At the end of 2018, Hawaii became just the second state (after New Jersey) to prohibit the use of exotic animals in traveling shows. On December 21, Governor David Ige signed a new rule, which was previously approved by the Hawaii Board of Agriculture, citing concerns about public safety and health.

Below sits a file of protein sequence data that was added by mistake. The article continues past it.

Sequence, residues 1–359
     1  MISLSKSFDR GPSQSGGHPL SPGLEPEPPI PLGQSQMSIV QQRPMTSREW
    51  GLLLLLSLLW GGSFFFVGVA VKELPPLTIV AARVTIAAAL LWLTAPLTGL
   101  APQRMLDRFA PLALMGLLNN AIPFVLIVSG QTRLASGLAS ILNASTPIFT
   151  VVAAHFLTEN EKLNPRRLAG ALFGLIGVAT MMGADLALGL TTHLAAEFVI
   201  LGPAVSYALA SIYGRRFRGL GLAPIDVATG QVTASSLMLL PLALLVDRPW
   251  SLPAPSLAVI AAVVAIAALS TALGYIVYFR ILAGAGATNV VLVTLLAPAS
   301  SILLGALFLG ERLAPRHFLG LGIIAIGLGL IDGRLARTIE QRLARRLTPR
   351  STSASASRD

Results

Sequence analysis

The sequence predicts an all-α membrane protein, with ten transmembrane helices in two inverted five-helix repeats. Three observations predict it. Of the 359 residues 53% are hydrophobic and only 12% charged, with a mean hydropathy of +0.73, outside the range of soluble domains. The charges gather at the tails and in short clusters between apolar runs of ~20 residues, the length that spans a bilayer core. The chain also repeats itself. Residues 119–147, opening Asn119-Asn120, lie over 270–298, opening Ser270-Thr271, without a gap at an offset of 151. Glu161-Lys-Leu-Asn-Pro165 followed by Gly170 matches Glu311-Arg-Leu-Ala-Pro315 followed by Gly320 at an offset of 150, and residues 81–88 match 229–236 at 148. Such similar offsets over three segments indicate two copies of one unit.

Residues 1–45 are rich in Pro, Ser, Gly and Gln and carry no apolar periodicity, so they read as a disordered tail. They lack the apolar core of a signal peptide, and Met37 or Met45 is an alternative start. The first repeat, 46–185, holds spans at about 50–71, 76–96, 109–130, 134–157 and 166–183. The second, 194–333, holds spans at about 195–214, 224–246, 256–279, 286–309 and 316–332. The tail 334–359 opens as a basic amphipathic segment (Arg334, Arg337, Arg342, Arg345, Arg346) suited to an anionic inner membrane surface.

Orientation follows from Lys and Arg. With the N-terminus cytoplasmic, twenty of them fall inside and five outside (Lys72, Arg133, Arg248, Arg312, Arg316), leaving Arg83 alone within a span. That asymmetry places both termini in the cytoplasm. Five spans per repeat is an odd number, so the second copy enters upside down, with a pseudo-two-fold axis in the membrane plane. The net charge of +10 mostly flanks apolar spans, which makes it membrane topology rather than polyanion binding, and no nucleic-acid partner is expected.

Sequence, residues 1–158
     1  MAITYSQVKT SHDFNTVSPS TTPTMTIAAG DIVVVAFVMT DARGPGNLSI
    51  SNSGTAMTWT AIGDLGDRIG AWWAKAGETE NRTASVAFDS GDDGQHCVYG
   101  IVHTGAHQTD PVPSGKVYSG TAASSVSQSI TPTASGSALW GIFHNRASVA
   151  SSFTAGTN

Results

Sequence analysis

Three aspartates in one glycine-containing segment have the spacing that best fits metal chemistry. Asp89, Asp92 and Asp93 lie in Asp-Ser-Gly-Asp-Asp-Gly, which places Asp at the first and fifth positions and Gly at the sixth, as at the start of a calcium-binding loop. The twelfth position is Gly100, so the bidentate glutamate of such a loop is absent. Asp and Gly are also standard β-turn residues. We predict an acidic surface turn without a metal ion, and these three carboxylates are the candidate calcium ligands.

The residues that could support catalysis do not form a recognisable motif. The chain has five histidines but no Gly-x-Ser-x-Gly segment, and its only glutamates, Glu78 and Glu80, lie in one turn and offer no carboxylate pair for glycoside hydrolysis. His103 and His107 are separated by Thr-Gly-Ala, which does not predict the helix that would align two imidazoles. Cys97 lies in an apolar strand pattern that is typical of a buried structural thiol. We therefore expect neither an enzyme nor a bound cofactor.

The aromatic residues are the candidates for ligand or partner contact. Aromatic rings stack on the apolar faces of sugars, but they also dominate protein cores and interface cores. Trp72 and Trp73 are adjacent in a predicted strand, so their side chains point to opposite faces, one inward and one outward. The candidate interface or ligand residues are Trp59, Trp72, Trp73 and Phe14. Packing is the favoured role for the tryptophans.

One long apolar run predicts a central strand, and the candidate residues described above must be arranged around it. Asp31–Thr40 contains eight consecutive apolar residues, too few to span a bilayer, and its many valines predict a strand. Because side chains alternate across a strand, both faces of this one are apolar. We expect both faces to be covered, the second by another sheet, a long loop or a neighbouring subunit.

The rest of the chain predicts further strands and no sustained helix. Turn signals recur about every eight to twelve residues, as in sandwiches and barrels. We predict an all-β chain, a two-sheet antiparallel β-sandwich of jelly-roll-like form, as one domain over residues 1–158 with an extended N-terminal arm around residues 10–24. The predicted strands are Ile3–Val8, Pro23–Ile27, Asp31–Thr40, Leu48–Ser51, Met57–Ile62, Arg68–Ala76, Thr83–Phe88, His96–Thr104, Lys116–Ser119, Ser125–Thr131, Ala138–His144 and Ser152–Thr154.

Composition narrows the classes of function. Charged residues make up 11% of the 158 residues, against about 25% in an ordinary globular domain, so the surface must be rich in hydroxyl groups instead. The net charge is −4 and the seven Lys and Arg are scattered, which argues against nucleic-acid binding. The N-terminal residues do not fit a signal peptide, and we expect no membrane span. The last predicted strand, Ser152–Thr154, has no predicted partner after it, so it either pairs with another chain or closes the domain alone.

Exotic animals exploited by circuses are subjected to nonstop travel in cramped crates, forced to perform unnatural tricks in front of noisy crowds, and trained using abusive methods. A growing list of jurisdictions have taken steps to end this abuse. Bullhooks have been banned in California and Rhode Island, Illinois and New York have banned the use of elephants in traveling shows, and nearly 150 local ordinances have enacted some version of these prohibitions. In Michigan, Senator Bruce Tarr (R-1st Essex and Middlesex) and Representative Lori Ehrlich (D-8th Essex) recently reintroduced a bill to prohibit the use of elephants, big cats, primates, and bears in traveling shows in that state.